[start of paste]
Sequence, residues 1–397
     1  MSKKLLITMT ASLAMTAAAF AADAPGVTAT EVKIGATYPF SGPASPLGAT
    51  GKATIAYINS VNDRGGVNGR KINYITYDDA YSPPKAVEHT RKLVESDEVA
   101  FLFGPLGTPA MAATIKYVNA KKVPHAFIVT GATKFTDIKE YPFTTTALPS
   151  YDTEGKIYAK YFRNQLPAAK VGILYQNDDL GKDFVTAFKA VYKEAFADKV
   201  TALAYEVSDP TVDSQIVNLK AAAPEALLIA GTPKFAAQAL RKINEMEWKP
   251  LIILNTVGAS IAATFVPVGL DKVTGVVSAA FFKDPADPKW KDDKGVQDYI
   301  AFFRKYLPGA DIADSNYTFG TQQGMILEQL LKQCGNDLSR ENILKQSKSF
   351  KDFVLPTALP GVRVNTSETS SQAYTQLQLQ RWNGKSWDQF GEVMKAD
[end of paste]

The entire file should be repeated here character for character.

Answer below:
Sequence, residues 1–397
     1  MSKKLLITMT ASLAMTAAAF AADAPGVTAT EVKIGATYPF SGPASPLGAT
    51  GKATIAYINS VNDRGGVNGR KINYITYDDA YSPPKAVEHT RKLVESDEVA
   101  FLFGPLGTPA MAATIKYVNA KKVPHAFIVT GATKFTDIKE YPFTTTALPS
   151  YDTEGKIYAK YFRNQLPAAK VGILYQNDDL GKDFVTAFKA VYKEAFADKV
   201  TALAYEVSDP TVDSQIVNLK AAAPEALLIA GTPKFAAQAL RKINEMEWKP
   251  LIILNTVGAS IAATFVPVGL DKVTGVVSAA FFKDPADPKW KDDKGVQDYI
   301  AFFRKYLPGA DIADSNYTFG TQQGMILEQL LKQCGNDLSR ENILKQSKSF
   351  KDFVLPTALP GVRVNTSETS SQAYTQLQLQ RWNGKSWDQF GEVMKAD